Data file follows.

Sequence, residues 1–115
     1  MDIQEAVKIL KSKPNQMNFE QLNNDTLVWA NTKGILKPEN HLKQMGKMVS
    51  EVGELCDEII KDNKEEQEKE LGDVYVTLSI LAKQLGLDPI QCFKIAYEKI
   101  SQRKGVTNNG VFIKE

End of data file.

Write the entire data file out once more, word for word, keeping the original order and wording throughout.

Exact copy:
Sequence, residues 1–115
     1  MDIQEAVKIL KSKPNQMNFE QLNNDTLVWA NTKGILKPEN HLKQMGKMVS
    51  EVGELCDEII KDNKEEQEKE LGDVYVTLSI LAKQLGLDPI QCFKIAYEKI
   101  SQRKGVTNNG VFIKE